- By Daniel W. Drezner
Daniel W. Drezner is professor of international politics at the Fletcher School of Law and Diplomacy at Tufts University and a senior editor at The National Interest. Prior to Fletcher, he taught at the University of Chicago and the University of Colorado at Boulder. Drezner has received fellowships from the German Marshall Fund of the United States, the Council on Foreign Relations, and Harvard University. He has previously held positions with Civic Education Project, the RAND Corporation, and the Treasury Department.
By my metrics , the top seven great powers in the world right now are the United States, China, Germany, Japan, Russia, India and Brazil. Your results might vary a bit, but I assume everyone will grant that all these countries would fall into their top 10 list.
According to FIFA, the top seven men’s soccer teams in the world are, in order: Brazil, Spain, Portugal, Netherlands, Italy, Germany, and Argentina.
There’s not a lot of overlap between those two lists. Indeed, the latter list includes three PIIGS countries plus a few others facing severe debt difficulties. Even if one expands the FIFA list to the top 20, only two more great powers (Russia and the United States) pop up.
Why the lack of correlation? I’d proffer three possible explanations. First, and most important, is culture. What the great powers have in common is possessing proud civilizational identities. While Germany and Brazil might have soccer-mad populations, in the other countries there are other sports — baseball, hockey , basketball, rugby, and cricket — that attract more attention and more dollars. The best athletes from most of the great powers don’t go into soccer.
Related to this are the skewed industrial policies for sport that some countries pursue. The Washington Post’s Keith Richburg looks at why China is ranked 84th in the world, and finds the following:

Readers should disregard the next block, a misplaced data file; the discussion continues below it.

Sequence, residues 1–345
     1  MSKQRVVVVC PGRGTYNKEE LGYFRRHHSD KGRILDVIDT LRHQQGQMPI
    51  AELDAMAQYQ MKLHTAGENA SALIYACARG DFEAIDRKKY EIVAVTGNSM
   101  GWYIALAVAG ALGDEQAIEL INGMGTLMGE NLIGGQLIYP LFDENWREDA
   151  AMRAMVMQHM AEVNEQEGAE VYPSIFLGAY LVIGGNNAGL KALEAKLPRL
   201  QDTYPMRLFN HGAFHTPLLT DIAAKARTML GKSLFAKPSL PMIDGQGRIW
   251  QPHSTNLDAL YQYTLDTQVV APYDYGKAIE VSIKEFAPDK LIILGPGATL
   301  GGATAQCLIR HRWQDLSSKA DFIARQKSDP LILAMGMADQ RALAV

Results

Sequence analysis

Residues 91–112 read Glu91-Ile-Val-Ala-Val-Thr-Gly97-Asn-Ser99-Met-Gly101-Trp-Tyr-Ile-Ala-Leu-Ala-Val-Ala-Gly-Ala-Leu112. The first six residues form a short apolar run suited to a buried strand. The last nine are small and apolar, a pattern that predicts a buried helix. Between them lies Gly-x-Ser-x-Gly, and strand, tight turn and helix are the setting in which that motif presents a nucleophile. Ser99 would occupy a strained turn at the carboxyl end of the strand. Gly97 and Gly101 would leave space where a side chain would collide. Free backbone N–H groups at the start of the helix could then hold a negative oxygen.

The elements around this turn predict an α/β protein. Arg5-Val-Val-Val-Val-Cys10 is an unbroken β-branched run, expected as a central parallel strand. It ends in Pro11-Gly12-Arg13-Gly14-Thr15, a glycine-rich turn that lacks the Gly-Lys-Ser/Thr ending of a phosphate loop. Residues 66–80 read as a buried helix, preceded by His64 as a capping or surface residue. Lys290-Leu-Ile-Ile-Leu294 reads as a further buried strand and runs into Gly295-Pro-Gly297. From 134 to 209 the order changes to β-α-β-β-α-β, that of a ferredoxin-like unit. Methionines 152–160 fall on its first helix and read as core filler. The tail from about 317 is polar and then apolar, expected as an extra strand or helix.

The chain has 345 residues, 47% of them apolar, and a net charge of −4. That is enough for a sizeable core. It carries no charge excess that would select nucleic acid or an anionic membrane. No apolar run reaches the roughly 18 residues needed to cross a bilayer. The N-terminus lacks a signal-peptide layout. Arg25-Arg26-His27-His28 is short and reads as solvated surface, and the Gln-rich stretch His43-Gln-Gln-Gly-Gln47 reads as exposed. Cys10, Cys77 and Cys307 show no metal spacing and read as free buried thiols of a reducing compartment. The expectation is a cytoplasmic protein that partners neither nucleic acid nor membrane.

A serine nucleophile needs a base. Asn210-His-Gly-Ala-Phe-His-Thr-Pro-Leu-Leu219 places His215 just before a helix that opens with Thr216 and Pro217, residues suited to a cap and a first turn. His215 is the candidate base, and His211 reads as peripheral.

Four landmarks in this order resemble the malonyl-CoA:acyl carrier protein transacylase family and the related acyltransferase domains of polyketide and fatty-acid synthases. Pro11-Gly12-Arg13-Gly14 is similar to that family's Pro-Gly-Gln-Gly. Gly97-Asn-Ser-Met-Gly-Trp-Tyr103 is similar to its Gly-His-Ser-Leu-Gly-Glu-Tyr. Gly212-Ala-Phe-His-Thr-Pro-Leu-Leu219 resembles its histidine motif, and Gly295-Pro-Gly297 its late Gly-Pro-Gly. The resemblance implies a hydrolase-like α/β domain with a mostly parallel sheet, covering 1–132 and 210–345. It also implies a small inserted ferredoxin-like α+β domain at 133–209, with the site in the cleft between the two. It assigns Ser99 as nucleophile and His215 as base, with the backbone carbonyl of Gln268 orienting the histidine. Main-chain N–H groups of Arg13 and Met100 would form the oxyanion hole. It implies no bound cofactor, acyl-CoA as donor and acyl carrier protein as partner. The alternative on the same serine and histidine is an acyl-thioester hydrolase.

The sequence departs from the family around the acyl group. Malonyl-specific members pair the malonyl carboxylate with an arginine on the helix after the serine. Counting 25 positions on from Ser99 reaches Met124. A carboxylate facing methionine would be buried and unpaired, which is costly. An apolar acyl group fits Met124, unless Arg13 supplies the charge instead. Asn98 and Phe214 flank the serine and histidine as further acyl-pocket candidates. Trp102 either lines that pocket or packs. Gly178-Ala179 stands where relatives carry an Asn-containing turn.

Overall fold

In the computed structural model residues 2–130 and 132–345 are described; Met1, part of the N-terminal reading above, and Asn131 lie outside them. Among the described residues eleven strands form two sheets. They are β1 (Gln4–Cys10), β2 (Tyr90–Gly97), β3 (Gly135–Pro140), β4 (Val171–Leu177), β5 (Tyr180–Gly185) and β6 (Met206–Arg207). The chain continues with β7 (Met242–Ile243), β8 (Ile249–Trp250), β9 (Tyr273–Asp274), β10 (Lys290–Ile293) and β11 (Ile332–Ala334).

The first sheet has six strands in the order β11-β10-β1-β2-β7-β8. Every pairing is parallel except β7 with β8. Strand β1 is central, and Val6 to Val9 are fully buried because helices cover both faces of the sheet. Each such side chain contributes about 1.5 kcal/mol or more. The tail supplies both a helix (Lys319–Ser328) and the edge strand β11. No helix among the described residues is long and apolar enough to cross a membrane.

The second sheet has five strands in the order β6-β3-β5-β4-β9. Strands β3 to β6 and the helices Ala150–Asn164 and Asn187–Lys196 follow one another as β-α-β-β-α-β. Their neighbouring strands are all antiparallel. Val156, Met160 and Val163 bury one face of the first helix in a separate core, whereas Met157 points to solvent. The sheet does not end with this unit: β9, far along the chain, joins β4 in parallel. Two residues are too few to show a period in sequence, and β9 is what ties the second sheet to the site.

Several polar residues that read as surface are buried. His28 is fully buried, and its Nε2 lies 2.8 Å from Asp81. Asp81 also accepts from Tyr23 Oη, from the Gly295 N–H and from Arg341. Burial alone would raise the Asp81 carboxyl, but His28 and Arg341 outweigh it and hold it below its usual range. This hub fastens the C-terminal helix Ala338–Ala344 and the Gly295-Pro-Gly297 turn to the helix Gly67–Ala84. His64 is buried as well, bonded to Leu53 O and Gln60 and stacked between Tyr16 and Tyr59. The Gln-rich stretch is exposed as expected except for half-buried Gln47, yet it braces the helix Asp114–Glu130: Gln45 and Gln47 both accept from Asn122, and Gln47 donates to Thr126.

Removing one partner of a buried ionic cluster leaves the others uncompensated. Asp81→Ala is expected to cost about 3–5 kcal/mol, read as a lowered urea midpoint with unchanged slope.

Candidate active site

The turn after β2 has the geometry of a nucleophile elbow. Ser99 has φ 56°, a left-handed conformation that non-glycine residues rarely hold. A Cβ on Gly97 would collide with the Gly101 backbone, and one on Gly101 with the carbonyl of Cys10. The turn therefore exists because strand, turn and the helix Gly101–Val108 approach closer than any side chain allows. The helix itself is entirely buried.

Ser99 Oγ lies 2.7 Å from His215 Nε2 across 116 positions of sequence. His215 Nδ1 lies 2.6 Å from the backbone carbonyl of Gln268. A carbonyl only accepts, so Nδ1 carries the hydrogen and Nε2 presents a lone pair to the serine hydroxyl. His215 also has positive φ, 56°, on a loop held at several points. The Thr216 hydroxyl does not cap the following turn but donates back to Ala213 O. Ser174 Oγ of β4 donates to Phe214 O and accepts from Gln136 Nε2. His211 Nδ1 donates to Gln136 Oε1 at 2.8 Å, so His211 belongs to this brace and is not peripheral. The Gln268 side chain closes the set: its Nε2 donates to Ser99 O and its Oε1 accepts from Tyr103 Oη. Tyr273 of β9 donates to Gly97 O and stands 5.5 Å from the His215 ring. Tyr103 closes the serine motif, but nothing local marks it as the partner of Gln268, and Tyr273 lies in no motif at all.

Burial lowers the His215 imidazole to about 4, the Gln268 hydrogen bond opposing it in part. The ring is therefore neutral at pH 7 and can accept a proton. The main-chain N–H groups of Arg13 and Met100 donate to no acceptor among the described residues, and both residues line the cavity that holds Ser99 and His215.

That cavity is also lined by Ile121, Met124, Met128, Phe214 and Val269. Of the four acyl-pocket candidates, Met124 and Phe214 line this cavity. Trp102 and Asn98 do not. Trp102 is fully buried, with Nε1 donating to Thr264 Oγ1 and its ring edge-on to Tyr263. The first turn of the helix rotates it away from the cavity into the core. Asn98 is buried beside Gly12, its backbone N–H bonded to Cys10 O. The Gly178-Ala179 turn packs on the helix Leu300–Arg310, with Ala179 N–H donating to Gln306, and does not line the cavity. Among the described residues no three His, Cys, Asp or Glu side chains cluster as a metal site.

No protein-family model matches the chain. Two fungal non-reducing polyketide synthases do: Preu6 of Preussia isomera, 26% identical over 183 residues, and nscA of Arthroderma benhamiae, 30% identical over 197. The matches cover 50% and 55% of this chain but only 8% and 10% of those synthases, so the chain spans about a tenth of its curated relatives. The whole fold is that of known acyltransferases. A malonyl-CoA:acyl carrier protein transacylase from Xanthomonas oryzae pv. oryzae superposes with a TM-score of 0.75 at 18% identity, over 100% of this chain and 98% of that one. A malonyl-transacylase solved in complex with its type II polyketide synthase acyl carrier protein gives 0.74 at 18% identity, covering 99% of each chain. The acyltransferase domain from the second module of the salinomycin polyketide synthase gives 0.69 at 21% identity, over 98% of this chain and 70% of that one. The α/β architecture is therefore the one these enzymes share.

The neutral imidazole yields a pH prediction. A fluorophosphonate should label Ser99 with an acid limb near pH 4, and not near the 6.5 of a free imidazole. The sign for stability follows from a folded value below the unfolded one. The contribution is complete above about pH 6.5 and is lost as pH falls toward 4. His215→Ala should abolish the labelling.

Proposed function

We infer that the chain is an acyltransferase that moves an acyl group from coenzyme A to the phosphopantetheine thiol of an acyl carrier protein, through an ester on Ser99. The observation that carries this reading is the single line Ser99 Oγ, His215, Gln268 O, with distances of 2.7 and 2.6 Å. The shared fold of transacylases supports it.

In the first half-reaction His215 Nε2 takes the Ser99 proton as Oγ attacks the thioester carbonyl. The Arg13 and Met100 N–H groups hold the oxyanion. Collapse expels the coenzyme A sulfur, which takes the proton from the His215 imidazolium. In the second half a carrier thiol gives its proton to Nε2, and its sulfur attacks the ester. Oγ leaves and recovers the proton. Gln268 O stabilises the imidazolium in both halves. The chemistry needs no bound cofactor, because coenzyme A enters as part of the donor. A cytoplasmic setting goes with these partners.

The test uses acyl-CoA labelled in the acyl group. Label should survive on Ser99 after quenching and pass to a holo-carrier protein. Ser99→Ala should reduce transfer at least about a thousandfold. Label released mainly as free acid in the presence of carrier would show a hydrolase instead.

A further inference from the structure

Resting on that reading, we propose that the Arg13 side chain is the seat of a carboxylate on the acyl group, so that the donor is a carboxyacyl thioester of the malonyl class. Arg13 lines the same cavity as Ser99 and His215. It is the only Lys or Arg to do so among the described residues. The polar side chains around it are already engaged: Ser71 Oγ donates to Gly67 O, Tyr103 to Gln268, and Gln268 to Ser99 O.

As in industry, the government picks national "winners" in sports and funnels cash to create champions and win medals. But the support typically goes to individual sports like gymnastics, swimming and diving, and to sports in which Chinese have traditionally excelled, like badminton and table tennis. Soccer teams here are left to look for private sponsorship….
Politics comes into play, several sports journalists and others said, because sports ministry officials, particularly at the local level, would rather invest government money into promising sports prodigies with a quicker guarantee of victory. "It’s related to their promotion," said Li Chengpeng, a soccer commentator and author.
Finally, perhaps men’s soccer isn’t the best metric here. Consider FIFA’s ranking for women’s soccer: U.S., Germany, Brazil, Sweden, Japan, Norway, North Korea and France. China is 10th and Russia is 15th. The correlation between political power and women’s soccer proficiency is much stronger.
The true outlier here is India. Their men’s team ranks 133rd, just behind Fiji. Their women’s team is somewhat better, just besting Haiti. Even if soccer is not that popular in the subcontinent, it’s a country with more than a billion people — sheer numbers suggest they should field a semi-decent team.
I welcome any South Asian experts to provide some possible answers in the comments.
UPDATE: I should have known that team Passport would be all over this already.